Time was when air compressors were only used in garages for mechanics and devoted hobby crafters. Today, anyone can own a compressor from the many types sold for contractors, and do-it-yourself home users. People now have their own.
These can be purchased alone using your own pneumatic tools or bought with kits of tools, tips, hoses, and more cool stuff.
The air compressor machine converts atmospheric air into a condensed compressed form of natural air under pressure. Compressors do three air conversions: air intake, air pressurization, and air release.
All steel tank air compressors release high-pressure air in spurts or controlled bursts. The air flow is measured in ACFM (Actual Cubic Feet per Minute). The output of each machine is measured in HP (horsepower). The air compressor machines are adjusted for inlet conditions and some can store pressurized air in tanks and chambers for using later.
The compressor’s motor pumps air into the storage tank under pressure maintaining it to power the hand-tools being used.
Compressors are used for air brushing, sanders, nailers, framing, trimming, finishing, pressure washing, hardwood flooring, roofing guns, grinding equipment, paint guns, inflating tires, balls, kids’ floatables, staplers, air mattresses, lug nuts, and much more.
Benefits operating pneumatic tools with an air compressor is that it isn’t necessary to have tools with its own motor. You gain by powering up an assortment of tools with the single air compressor’s motor. Compressors provide more power to your tools than single handheld tools alone.
Many compressors are the piston auto-style using oil for larger tools, and the diaphragm-style compressor that does not use oil for home users for nailers, spray painting, and other small tools.
Check out the fundamental ways to use air compressors typical for all models.
- Read your User’s Manual right off the bat. How to use an air compressor is easy.
- Plug in the compressor on a flat surface with the power switch off. If yours has a 3-prong grounded plug end, insert it into an electrical outlet that has the ground round hole on the receptacle. Do not override it using an adapter, since it will not be grounded using the compressor. If yours is 2-prong, plug into a regular polarized 2-slot receptacle.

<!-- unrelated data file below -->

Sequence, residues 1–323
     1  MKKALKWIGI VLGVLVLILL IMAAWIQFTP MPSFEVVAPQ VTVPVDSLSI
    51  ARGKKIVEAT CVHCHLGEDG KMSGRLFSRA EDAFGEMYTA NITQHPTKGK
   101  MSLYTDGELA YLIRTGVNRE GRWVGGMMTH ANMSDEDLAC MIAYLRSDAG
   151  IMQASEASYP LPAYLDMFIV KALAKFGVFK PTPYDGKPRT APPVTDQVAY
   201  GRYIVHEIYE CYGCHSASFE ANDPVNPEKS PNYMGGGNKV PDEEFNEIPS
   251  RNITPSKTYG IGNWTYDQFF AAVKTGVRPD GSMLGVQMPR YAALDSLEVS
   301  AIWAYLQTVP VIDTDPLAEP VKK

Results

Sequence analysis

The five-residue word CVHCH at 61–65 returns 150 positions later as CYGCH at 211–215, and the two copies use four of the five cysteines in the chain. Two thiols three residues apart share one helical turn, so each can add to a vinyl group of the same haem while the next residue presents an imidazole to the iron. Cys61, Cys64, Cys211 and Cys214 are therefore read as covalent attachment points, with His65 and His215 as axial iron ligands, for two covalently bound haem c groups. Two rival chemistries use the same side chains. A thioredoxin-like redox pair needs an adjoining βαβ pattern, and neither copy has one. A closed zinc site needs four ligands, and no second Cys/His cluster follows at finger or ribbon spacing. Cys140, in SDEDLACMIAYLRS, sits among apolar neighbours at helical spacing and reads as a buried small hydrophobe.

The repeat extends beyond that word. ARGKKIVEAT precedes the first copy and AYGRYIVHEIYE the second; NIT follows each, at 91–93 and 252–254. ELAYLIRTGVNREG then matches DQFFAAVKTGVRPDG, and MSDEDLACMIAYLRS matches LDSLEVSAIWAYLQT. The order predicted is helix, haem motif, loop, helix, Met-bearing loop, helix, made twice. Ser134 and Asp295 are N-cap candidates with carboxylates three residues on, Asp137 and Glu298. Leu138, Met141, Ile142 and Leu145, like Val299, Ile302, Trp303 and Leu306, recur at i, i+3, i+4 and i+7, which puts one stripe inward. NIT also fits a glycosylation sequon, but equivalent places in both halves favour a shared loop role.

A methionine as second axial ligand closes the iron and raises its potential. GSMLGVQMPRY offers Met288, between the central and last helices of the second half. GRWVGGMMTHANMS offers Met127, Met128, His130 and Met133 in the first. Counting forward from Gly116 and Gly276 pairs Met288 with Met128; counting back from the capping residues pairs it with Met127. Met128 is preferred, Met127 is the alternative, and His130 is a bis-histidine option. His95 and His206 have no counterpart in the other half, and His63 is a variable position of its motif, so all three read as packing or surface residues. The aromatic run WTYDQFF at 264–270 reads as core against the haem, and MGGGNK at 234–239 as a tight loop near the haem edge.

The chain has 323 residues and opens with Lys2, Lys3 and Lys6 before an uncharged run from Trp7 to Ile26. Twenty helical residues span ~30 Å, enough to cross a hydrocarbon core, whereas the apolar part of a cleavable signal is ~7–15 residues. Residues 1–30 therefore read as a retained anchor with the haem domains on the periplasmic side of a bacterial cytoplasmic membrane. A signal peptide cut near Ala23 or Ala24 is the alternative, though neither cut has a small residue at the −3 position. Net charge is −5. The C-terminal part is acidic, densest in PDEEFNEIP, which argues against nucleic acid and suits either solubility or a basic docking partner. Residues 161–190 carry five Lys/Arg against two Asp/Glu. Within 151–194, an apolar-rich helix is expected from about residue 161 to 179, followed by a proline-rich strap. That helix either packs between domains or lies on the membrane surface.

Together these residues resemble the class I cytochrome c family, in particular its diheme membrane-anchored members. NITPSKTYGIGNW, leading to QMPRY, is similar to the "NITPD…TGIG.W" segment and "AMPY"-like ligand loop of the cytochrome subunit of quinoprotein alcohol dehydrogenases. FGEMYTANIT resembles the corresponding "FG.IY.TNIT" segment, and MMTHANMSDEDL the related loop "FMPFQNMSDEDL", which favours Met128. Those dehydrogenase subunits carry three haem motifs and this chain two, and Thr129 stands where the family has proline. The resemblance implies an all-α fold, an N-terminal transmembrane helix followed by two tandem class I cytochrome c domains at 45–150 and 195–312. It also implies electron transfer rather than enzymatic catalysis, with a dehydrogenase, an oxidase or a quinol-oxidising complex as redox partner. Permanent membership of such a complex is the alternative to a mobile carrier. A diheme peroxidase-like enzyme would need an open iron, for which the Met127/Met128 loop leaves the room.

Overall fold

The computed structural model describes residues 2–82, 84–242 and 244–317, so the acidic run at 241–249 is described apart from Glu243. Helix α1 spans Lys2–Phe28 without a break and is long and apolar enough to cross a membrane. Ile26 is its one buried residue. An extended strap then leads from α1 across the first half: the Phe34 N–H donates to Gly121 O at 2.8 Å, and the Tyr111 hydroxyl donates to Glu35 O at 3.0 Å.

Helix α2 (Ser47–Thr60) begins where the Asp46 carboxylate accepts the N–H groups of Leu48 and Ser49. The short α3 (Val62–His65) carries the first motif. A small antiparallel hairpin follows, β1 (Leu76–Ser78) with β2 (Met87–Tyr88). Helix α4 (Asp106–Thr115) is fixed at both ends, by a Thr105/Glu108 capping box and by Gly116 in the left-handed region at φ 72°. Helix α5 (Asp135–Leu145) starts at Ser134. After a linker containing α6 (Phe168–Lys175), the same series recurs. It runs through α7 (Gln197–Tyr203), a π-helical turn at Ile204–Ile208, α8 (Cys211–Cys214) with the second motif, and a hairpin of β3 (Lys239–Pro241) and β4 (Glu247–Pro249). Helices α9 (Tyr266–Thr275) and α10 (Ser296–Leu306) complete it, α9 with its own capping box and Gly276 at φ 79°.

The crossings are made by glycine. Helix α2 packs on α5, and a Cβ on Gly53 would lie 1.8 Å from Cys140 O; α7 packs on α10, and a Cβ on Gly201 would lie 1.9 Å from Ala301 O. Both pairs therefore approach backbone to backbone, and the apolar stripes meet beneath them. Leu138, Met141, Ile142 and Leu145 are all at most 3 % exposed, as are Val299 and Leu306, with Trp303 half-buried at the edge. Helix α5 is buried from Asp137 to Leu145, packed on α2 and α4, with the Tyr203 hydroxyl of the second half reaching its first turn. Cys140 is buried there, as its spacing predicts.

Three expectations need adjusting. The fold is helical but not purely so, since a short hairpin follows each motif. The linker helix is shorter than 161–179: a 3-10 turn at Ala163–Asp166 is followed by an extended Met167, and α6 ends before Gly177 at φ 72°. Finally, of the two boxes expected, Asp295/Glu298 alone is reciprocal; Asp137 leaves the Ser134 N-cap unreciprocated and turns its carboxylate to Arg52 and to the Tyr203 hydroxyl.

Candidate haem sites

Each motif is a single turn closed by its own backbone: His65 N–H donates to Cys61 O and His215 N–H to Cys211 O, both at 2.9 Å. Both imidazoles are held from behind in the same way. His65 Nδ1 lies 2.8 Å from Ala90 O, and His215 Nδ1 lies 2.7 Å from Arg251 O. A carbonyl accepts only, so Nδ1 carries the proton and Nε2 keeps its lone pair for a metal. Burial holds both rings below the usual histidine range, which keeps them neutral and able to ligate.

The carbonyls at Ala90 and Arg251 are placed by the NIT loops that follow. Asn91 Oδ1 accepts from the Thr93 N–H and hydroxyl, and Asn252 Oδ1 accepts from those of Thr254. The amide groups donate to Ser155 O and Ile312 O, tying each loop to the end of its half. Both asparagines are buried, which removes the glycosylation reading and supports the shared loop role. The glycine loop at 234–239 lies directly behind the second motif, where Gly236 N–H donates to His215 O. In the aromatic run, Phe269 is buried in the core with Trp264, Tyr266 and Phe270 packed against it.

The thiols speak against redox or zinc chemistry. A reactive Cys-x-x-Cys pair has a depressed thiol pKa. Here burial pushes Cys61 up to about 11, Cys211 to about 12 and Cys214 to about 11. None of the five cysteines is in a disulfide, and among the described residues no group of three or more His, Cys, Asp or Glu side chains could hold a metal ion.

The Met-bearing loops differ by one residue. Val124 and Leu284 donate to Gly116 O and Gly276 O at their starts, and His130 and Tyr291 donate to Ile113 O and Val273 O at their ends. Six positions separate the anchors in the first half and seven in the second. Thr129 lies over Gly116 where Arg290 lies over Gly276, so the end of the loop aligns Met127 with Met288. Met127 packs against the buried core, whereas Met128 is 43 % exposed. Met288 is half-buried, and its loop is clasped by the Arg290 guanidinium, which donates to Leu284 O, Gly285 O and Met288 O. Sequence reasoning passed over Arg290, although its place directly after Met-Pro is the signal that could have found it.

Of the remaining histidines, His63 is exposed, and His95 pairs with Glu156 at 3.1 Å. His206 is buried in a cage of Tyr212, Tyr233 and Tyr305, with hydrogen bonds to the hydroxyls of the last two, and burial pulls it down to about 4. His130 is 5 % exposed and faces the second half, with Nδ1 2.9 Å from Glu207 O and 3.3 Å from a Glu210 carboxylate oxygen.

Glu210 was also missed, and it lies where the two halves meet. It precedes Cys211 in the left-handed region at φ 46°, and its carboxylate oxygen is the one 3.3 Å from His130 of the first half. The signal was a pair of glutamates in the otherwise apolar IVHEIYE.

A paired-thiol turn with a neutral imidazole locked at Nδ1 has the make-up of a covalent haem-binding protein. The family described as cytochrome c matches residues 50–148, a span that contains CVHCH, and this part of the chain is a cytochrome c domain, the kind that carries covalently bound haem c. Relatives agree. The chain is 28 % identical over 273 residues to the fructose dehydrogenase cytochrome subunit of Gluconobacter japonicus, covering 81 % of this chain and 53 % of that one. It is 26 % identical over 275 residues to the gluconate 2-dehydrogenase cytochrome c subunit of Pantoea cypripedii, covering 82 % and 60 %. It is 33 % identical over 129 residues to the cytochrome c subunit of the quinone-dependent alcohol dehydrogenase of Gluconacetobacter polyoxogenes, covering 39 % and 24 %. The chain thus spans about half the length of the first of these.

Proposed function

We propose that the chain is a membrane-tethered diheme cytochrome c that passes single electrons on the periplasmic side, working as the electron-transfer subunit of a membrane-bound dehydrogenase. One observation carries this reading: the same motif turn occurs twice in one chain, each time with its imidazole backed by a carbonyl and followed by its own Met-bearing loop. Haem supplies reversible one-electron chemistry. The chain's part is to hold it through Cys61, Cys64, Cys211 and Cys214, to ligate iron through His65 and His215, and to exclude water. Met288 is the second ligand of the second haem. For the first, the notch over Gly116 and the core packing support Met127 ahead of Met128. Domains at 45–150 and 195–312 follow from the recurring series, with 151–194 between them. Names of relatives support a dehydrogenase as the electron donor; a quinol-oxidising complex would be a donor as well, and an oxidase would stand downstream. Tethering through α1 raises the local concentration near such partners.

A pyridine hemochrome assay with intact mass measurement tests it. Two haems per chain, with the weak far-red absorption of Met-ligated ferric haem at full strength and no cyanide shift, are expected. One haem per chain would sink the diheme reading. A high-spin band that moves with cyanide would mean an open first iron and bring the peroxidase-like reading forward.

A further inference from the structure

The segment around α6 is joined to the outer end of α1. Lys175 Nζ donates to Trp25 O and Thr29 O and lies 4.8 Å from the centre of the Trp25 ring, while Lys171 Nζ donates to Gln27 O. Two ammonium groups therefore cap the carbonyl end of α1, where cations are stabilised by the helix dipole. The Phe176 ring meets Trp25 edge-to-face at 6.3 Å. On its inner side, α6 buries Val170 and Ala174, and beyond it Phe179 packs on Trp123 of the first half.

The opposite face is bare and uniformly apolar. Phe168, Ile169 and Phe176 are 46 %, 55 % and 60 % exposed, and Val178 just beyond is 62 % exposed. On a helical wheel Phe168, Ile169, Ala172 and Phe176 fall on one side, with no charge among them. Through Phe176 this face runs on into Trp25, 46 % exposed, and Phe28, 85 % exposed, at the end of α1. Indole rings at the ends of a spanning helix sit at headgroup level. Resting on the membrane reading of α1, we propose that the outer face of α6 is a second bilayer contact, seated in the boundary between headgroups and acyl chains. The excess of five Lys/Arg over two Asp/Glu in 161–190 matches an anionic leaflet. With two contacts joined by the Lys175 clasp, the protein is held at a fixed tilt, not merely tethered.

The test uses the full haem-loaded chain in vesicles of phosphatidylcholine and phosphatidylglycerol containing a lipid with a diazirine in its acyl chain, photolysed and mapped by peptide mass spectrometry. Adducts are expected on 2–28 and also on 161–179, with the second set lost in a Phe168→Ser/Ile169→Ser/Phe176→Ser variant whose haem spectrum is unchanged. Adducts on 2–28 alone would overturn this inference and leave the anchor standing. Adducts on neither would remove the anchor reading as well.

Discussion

- If yours is the piston-type using oil, add oil that sometimes comes with the compressor into the crankcase. Be sure to use the correct oil stated in the User’s Manual. Check the oil level looking into the sight gauge adding oil to the full mark on the gauge. Always check the oil after using the compressor each time.
- Be sure the drain valve is closed or tighten it in a clockwise direction. Turn the switch on and let the compressor run for a few minutes. Depending on your compressor type, make sure the pressure gets to 100 to 115 PSI then shuts off automatically.
- Drain the moisture after each use from the air tank by removing the drain valve on the tank’s bottom. After all water is drained, replace the drain valve and tighten.
- The tool you are using must match the air control valve max air pressure allowed. Turn the air control valve until the pressure gauge is the same as for the tool.
- Attach the air hose being sure it will reach your work space. Some brands will have a quick-connect hose fitting to attach to the tank. If not, wrap the threaded end of the hose with 2 layers of Teflon® tape threading the hose onto the fitting near the air pressure gauge and tighten clockwise with the correct wrench size.
- Using the quick-connect fitting, attach your hand tool to the opposite end of the air hose. Push it onto the air intake firmly on the tool first pulling back on the spring-loaded hose collar. Disconnect the hand tool by pulling back on the collar to pull the tool off the air hose.
This will keep your air compressor up and running for decades when properly maintained and used properly.